Although Alice Parker's invention in 1919 of a gas powered central heater was never manufactured, her idea was the first that allowed use of natural gas to heat a home, inspiring the central heating systems used today.

16. Kevlar

This life-saving material which is five times stronger than steel and used to make bulletproof vests was invented in 1965 by Stephanie Kwolek.


17.  Computer Software
 Dr. Grace Murray Hopper, a computer scientist, invented COBOL, the first user-friendly business computer software system in the 1940s. She was also a Rear Admiral in the U.S. Navy and the first person to use the term "bug" in reference to a glitch in a computer system when she literally found a bug (moth) causing problems with her computer.

18. Beer

According to Bear Historian Jane Peyton, Mesopotamian women were the first to develop, sell and drink beer.

Thursday, October 22, 2015

Wednesday, October 14, 2015



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and your name will be added to the drawing at the end of the year for a new Kindle Fire.


Sunday, October 11, 2015


I am so proud to announce G. A. VanDruff's first book, ESCAPE CLAUSE. VanDruff offers a refreshing new voice to the world of paranormal romance mysteries. Funny and gripping at the same time. I read her book and loved it. I'm betting you will too.


Oscar night. Jaqie Shanahan’s roommate and best friend, Jeep McBain, wins the statue for best screenplay. And disappears.
Murdered? An accident? Fear of success? Whatever the reason, her fun-loving, womanizing, self-centered Jeep McBain vanishes without a trace—without even a good-bye.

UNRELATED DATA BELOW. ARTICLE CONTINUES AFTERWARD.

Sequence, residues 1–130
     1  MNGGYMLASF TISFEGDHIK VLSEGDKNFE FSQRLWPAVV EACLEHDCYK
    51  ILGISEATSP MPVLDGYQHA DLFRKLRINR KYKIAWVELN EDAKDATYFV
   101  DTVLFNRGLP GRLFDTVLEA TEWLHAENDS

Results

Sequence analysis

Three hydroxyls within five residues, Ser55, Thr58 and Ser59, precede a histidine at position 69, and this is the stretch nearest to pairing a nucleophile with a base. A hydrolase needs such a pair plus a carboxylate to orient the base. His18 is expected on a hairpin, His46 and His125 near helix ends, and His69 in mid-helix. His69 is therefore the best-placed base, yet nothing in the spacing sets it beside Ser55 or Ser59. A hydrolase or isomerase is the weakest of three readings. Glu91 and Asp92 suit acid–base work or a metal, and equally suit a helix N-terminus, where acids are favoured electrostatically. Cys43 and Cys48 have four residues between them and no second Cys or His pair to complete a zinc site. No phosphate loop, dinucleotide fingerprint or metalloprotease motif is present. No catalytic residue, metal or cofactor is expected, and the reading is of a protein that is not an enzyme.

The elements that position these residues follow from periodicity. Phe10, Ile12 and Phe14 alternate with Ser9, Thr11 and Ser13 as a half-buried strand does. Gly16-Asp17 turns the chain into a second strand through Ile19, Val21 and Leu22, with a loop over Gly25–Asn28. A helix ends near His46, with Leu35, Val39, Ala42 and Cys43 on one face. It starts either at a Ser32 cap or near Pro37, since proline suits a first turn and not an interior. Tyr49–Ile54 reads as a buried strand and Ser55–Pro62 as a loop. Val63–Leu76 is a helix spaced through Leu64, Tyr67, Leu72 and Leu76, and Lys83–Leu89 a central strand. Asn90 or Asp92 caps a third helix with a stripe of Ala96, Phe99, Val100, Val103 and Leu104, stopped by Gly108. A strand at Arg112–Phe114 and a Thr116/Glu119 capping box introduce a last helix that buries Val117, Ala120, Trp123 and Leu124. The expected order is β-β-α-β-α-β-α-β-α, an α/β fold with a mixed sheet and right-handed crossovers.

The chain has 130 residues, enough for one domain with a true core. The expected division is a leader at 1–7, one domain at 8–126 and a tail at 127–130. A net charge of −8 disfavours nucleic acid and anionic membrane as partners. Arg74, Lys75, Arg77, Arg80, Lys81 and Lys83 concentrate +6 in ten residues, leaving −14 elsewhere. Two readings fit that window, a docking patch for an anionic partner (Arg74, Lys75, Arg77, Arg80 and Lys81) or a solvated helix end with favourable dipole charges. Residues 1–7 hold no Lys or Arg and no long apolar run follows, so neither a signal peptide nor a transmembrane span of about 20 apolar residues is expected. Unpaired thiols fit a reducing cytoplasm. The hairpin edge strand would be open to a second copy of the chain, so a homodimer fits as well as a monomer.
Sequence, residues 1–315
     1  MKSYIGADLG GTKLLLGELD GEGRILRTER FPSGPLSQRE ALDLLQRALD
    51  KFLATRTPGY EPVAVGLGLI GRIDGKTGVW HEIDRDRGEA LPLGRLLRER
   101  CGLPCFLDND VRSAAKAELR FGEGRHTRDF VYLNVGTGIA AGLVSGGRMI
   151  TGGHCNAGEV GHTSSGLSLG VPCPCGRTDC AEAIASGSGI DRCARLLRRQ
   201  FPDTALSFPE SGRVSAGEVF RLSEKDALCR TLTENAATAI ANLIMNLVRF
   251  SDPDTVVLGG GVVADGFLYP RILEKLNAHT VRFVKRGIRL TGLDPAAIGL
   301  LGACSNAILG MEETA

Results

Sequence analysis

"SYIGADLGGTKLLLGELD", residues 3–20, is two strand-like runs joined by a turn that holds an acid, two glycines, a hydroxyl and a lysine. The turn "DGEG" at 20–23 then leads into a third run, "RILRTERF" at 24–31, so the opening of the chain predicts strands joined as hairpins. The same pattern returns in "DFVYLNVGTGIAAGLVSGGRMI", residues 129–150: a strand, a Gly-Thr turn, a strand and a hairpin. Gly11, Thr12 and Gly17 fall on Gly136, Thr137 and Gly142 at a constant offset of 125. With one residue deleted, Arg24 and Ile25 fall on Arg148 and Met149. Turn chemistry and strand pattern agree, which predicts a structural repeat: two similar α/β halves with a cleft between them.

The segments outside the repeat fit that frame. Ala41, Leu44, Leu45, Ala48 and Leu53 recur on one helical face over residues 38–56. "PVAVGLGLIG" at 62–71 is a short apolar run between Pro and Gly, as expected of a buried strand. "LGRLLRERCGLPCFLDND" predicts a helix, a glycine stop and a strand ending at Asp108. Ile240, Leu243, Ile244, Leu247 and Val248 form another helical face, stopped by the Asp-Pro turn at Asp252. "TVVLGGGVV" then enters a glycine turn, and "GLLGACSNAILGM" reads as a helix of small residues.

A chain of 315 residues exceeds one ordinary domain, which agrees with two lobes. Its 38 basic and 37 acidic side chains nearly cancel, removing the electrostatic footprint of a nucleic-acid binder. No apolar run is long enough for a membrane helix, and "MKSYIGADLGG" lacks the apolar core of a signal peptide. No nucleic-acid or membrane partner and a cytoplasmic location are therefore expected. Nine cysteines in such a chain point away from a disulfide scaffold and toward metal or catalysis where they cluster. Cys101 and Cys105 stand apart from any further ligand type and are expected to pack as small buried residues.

One year later, Jaqie has a successful screenplay of her own, and finds a new best friend in Madrille Keiser, Hollywood’s biggest star. But without Jeep to share in her success, Jaqie realizes it’s time to take a break. Time to come to grips with the hard truth that Jeep is forever gone.
Turns out, she’s half-right.
Jaqie, her dog, and her gecko sail away for a working vacation in the Caribbean. She and her little tribe anchor offshore and decide it’s a great day to take the dinghy and do some old-fashioned beachcombing for seashells—like the pictures in the brochure.

What they find is a dead guy in a great suit bobbing just shy of high tide, and a sort-of-dead guy in baggy shorts and a Hawaiian shirt chasing seagulls off the body.

Jeep McBain may not be alive and well in Puerto Rico, but his ghost is.

And he’s engaged.

“Jaqie, her name is Clarice. She’s real. Like me, real. We’re going to spend the rest of whatever this is,” he outlined his transparent torso, “together. We like all the same things. Plus, we were both bludgeoned to death. How great is that?”

But, first ...
Jaqie must find out who murdered Jeep and the love of his afterlife so the happy couple can Move On.
Provided ...
Jaqie can convince the chief of police that she did not kill Jeep. That she can keep the killers from killing her. That she can get the job done without Madrille’s head of security, Paul Bracken, getting in her way and under her skin. Constantly. Paul with the sea-green eyes and hair that is way too long and far too unruly for former military.